But even though it’s late to the party now, T-Mobile could be one of the first to offer the 5G wireless technology LTE Advanced.
“I think we’ll probably be able to move faster [to LTE-Advanced] because we have the latest hardware in place,” said Yasmin Karimly, head of T-Mobile’s radio network and evolution strategy, in an interview with VentureBeat last week. “Others may have hardware that’s two years old, so they may have to rip and replace.”
While it’s unclear what other carriers will need to do to upgrade to LTE Advanced down the line, it will most likely involve swapping out some of their older infrastructure. In this particular case, being a bit slow may be better for T-Mobile in the long run.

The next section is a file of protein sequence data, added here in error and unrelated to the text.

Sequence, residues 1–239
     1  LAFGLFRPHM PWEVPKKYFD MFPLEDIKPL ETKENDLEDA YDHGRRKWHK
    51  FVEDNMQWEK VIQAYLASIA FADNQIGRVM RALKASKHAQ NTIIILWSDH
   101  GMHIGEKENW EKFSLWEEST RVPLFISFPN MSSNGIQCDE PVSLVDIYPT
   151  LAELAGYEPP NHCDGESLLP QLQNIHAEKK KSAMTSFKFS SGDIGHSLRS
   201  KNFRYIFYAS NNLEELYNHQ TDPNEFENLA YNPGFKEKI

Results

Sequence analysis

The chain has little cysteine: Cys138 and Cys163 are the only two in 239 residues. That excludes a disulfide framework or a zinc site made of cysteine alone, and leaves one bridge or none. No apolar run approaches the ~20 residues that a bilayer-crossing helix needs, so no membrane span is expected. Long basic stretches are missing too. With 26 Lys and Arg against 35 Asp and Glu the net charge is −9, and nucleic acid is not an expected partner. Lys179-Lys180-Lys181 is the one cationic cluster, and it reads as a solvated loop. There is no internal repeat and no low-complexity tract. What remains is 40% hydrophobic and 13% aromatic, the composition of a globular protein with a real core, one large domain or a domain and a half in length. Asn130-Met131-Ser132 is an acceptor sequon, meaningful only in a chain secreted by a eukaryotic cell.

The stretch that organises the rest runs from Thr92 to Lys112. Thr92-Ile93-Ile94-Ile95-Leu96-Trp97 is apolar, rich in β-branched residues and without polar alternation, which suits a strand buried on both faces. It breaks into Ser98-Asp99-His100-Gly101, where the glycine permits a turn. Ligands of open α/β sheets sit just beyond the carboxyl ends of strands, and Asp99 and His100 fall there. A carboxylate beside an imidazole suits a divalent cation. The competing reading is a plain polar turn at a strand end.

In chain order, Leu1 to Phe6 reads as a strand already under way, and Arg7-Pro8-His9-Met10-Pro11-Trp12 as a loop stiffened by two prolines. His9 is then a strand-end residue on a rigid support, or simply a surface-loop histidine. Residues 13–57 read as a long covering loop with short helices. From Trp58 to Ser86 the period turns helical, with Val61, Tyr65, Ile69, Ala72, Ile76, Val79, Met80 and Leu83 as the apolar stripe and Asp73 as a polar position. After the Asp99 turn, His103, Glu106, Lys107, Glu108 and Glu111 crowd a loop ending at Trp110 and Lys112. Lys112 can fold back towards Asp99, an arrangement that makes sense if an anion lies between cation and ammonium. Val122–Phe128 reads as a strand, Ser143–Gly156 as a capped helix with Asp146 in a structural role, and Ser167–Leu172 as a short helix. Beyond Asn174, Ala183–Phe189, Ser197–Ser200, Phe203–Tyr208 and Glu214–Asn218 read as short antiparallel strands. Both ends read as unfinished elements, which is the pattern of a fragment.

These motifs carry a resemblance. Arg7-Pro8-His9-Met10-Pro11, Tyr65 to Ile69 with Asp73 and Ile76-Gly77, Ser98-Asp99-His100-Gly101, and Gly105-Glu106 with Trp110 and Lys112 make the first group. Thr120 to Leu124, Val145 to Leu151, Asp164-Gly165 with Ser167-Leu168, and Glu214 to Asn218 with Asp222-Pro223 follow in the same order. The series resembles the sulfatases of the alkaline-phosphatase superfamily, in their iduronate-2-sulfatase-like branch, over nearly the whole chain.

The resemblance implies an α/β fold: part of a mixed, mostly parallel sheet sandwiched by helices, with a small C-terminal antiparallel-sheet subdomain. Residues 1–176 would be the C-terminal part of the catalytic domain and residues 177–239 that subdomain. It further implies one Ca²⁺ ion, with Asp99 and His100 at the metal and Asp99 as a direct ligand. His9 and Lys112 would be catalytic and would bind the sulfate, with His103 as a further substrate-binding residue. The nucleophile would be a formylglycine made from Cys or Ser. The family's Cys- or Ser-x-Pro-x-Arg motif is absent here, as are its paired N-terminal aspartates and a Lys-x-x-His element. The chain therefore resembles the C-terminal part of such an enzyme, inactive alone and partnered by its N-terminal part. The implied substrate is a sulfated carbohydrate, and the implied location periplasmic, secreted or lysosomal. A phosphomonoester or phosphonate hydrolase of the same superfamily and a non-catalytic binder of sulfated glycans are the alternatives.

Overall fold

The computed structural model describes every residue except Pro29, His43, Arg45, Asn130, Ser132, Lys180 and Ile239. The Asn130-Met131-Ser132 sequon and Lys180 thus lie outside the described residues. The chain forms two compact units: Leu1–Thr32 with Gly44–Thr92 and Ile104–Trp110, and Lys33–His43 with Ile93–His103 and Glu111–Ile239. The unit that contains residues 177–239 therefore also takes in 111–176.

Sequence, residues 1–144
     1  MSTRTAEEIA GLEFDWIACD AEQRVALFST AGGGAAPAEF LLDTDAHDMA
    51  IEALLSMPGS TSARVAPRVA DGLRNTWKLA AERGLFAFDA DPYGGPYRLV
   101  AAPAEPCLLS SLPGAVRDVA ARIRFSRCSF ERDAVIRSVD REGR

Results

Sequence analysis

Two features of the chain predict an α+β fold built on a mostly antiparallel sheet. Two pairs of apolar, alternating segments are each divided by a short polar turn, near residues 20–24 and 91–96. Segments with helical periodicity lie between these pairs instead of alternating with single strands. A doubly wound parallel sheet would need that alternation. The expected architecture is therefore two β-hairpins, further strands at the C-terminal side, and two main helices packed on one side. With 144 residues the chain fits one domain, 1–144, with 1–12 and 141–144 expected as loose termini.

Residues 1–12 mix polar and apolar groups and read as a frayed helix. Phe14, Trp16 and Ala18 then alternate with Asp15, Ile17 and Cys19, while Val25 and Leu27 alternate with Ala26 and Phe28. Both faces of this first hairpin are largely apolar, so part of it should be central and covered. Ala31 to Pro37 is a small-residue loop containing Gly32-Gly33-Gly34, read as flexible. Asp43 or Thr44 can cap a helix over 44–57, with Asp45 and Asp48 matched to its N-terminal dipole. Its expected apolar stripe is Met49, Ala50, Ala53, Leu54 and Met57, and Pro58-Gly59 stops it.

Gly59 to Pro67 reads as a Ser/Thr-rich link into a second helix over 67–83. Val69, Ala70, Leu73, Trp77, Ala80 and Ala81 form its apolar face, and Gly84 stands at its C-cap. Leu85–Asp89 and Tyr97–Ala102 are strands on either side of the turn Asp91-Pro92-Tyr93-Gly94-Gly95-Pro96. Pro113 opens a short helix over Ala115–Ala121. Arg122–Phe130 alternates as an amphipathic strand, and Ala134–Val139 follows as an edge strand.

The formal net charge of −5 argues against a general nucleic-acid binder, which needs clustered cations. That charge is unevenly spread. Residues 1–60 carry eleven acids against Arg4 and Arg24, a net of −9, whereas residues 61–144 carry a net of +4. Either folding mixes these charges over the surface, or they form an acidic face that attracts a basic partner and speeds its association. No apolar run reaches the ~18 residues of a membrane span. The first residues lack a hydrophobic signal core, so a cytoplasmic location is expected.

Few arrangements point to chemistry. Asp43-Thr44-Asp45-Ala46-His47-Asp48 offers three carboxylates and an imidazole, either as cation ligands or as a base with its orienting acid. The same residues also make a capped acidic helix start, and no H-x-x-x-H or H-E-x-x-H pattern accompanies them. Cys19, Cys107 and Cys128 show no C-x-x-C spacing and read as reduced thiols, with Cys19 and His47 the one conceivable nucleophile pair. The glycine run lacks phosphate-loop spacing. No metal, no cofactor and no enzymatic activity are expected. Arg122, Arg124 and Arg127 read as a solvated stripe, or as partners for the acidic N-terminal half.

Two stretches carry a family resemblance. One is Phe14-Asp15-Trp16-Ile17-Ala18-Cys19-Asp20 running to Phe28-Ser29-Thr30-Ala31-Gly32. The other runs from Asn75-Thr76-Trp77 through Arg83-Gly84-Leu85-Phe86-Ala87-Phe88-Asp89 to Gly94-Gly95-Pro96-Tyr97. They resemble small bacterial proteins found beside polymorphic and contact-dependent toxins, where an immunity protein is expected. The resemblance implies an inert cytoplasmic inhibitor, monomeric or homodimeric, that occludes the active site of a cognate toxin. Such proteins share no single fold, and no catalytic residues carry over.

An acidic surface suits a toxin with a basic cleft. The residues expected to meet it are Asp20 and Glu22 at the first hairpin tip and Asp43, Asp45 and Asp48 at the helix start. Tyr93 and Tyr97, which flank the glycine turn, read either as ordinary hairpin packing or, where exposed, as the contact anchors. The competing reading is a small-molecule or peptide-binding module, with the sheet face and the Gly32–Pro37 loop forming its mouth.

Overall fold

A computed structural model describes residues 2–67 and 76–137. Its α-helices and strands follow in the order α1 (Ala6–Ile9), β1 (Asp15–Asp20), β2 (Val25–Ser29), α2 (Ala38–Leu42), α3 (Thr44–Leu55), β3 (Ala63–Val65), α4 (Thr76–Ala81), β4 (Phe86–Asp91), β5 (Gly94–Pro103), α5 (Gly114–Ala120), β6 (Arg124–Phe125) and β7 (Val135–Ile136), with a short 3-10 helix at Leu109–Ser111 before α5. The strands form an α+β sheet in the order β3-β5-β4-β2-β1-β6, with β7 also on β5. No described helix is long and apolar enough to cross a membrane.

The latest LTE Advanced specification calls for simultaneous download and upload speeds of up to 300 megabits per second, around three times faster than LTE’s current theoretical speeds (theoretical, as in you’ll never actually see that in the real world). LTE Advanced could end up performing much faster once it’s actually rolled out — it’s based on the ambitious IMT-Advanced specification, which called for maximum speeds of 1 gigabit per second.
T-Mobile’s LTE network is currently up and running in seven cities, and the company expects to cover 100 million people by the middle of the year and 200 million by the end of 2013. While I had the chance to briefly test out T-Mobile’s LTE service during its New York City launch event, the company only lit up the LTE network for that particular event. Karimly tells me T-Mobile plans to get LTE going in NYC by this summer.
Copyright 2013, VentureBeat